Stationary steam engine
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Stationary steam engines are fixed steam engines used for pumping or driving mills and factories, and for power generation. They are distinct from locomotive engines used on railways, traction engines for heavy steam haulage on roads, steam cars (and other motor vehicles), agricultural engines used for ploughing or threshing, marine engines, and the steam turbines used as the mechanism of power generation for most nuclear power plants.
They were introduced during the 18th century and widely made for the whole of the 19th century and most of the first half of the 20th century, only declining as electricity supply and the internal combustion engine became more widespread.
Types of stationary steam engineEdit
- Beam engines have a rocking beam providing the connection between the vertical cylinder and crankshaft.
- Table engines have the crosshead above the vertical cylinder and the crankshaft below.
- Horizontal engines have a horizontal cylinder.
- Vertical engines have a vertical cylinder.
- Inclined engines have an inclined cylinder.
Stationary engines may be classified by secondary characteristics as well:
- High-speed engines are distinguished by fast-acting valves.
- Corliss engines are distinguished by special rotary valve gear.
- Uniflow engines have admission valves at the cylinder heads and exhaust ports at the midpoint.
When stationary engines had multiple cylinders, they could be classified as:
- Simple engines, with multiple identical cylinders operating on a common crankshaft.
- Compound engines which use the exhaust from high-pressure cylinders to power low-pressure cylinders.
An engine could be run in simple or condensing mode:
- Simple mode meant the exhaust gas left the cylinder and passed straight into the atmosphere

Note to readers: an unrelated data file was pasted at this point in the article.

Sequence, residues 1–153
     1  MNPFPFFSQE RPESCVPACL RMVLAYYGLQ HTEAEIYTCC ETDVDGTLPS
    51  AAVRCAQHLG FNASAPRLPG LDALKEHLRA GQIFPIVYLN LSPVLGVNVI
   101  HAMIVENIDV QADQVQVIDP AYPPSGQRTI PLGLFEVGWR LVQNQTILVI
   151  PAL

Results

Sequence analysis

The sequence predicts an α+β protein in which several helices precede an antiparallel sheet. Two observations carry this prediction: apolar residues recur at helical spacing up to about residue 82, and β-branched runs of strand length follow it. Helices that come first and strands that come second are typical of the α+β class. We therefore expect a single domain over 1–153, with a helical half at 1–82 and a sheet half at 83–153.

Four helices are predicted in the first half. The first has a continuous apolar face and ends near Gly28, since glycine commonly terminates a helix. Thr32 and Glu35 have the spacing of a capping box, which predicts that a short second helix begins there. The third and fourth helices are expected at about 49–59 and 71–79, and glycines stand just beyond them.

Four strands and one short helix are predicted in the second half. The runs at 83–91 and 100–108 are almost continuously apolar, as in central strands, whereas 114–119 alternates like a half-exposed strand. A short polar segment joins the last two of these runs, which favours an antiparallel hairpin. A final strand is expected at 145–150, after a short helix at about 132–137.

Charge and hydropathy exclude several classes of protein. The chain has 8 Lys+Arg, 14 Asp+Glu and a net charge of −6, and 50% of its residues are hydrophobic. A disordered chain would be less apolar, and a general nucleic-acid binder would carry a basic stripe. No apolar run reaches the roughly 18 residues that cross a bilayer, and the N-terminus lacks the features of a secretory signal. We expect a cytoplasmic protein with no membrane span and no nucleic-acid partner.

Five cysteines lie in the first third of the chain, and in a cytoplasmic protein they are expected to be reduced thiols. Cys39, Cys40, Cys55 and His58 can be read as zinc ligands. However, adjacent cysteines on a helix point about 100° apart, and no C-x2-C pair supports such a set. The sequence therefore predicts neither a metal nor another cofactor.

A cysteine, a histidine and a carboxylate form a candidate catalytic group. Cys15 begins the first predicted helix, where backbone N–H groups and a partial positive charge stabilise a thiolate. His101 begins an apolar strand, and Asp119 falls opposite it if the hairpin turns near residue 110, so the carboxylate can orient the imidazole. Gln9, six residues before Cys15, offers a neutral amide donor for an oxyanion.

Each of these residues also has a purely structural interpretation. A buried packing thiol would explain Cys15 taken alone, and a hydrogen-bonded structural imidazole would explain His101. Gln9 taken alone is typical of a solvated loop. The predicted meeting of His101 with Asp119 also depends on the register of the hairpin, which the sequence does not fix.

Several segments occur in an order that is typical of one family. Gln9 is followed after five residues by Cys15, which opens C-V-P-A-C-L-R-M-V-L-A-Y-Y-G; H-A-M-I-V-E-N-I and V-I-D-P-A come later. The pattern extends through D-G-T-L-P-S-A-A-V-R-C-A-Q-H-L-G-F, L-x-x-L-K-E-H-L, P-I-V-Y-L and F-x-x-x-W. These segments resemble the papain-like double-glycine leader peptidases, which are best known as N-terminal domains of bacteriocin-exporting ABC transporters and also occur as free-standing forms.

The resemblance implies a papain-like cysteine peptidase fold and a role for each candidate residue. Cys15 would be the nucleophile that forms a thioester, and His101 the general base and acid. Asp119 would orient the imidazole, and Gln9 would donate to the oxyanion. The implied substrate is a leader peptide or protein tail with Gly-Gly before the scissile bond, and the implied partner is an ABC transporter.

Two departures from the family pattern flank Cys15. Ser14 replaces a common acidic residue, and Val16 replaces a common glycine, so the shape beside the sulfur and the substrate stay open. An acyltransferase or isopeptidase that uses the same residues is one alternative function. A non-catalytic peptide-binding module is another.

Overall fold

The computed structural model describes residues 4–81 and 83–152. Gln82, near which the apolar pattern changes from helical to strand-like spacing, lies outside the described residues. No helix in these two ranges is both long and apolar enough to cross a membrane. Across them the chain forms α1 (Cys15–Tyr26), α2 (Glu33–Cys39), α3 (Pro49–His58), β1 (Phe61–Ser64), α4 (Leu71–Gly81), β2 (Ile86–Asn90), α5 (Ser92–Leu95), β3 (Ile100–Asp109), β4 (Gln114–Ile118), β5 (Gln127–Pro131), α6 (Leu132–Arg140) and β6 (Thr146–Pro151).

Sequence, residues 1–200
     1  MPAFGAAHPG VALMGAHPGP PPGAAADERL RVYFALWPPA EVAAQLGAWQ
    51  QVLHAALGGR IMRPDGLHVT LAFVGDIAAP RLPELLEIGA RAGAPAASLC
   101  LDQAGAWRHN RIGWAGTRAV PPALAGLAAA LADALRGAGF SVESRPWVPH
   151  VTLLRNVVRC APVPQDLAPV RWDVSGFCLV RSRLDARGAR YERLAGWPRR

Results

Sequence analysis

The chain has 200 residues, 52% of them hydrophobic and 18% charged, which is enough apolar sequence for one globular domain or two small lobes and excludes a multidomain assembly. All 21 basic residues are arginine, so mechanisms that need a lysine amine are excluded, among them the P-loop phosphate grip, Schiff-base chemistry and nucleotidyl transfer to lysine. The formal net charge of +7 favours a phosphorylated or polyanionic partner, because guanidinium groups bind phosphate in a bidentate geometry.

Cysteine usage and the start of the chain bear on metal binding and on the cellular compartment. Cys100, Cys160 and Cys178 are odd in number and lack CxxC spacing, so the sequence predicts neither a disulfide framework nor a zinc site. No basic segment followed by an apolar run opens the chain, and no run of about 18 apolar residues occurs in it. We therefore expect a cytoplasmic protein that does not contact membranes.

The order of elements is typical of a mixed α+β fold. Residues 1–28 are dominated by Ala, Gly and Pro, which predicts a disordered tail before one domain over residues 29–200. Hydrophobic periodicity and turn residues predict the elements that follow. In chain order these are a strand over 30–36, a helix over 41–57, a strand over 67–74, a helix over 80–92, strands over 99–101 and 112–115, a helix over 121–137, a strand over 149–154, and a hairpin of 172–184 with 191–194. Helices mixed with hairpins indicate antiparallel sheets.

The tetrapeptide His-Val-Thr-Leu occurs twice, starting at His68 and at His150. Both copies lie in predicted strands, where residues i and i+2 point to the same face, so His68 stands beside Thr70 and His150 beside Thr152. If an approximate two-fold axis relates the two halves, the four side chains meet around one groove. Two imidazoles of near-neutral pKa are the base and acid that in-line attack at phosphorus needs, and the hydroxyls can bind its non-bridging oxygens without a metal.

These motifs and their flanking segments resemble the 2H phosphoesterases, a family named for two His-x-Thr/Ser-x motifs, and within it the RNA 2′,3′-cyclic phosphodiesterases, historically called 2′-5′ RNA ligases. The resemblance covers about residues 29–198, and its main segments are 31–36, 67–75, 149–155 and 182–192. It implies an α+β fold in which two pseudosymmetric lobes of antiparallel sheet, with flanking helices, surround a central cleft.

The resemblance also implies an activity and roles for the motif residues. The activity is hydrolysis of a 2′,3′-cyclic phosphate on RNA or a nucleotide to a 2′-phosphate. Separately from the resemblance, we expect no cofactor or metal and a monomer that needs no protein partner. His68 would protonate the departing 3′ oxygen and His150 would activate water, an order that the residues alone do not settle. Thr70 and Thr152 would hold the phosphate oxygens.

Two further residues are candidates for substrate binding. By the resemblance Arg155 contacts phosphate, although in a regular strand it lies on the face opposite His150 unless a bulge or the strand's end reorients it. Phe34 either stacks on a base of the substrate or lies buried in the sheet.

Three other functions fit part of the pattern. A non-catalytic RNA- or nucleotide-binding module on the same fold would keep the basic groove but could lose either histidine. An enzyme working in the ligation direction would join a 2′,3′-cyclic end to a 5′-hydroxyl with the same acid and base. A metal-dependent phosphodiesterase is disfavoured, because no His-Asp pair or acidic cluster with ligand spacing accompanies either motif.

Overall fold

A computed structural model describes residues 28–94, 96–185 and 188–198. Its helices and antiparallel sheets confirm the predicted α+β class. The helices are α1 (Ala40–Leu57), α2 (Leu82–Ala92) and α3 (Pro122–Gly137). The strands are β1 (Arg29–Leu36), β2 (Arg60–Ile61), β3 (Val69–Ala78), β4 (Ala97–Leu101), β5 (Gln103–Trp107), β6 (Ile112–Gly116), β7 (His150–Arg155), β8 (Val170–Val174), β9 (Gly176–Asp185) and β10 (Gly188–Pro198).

- In condensing mode, the steam was cooled in a separate cylinder, and changed from vapour to liquid water, creating a vacuum that assisted with the motion. This could be done with a water-cooled plate that acted as a heat sink, or pumping-in a spray of water.
Stationary engines may also be classified by their application:
- Pumping engines are found in pumping stations.
- Mill engines to power textile mills
- Winding engines power various types of hoists.
- Refrigeration engines are typically coupled to ammonia compressors.
Stationary engines could be classified by the manufacturer
In order of evolution:
- Savery atmospheric engine (1700)
- Newcomen engine (1712)
- Watt engine (1775)
- Trevithick (1799)
- Hornblower (1781)
- Woolf (1804)
- McNaught'ed compound beam engines (1845)
- Cornish engine (1812)
- Corliss engine(1859)
- Porter-Allen engine (1862)
- Uniflow engine Todd's (1885)
- Steam turbine (1889)
- Buchanan, R. A., and Watkins, George, The Industrial Archaeology of the Stationary Steam Engine, London, 1976, ISBN 0-7139-0604-9
- Hills, Richard Leslie (1993). Power from Steam: A History of the Stationary Steam Engine (paperback ed.). Cambridge University Press. p. 244. ISBN 9780521458344. Retrieved January 2009. Check date values in:
- Roberts, A S (1921). Arthur Robert's Engine List. Arthur Roberts Black Book. One guy from Barlick-Book Transcription. Archived from the original on 2011-07-23. Retrieved 2009-01-11.
- Watkins, George, Stationary Steam Engines of Great Britain, Landmark Publishing, various ISBNs
- Vol 1, Yorkshire (2000)
- Vol 2, Scotland and Northern England (2000)
- Vols 3:1, 3:2, Lancashire (2001)
- Vol 4, Wales, Cheshire,& Shropshire (2002)
- Vol 5, The North Midlands (2002)
- Vol 6, The South Midlands (2003)
- Vol 7, The South and South West (2003)
- Vol 8, Greater London and the South East (2003)
- Vol 9, East Anglia & adjacent counties (2004)
- Vol 10, Marine Engines (and readers' notes, indexes to the series etc) (2005)
This series reproduces some 1,500 images from the Steam Engine Record made by George Watkins between 1930 and 1980, which is now in the Watkins Collection at English Heritage's National Monuments Record at Swindon, Wilts.
- on YouTube
- on YouTube
- Old Engine House, List of Museums – examples of stationary steam engines preserved in the UK (with pictures and links)
- International Steam.co.uk – comprehensive coverage of stationary steam engines in their original locations, working and non-working, in many countries
- preserved stationary steam engines – includes lesser-known museums containing such engines (UK)
- Steamers steam engine forum – Questions and answers about old steam engines, traction engines